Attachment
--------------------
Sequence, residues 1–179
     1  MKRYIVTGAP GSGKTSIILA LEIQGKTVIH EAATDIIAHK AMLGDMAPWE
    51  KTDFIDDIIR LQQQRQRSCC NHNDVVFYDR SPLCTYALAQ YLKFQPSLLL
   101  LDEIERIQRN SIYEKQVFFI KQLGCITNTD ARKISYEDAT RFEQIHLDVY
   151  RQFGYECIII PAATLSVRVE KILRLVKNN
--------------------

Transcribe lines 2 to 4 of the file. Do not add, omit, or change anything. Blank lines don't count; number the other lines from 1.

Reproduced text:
     1  MKRYIVTGAP GSGKTSIILA LEIQGKTVIH EAATDIIAHK AMLGDMAPWE
    51  KTDFIDDIIR LQQQRQRSCC NHNDVVFYDR SPLCTYALAQ YLKFQPSLLL
   101  LDEIERIQRN SIYEKQVFFI KQLGCITNTD ARKISYEDAT RFEQIHLDVY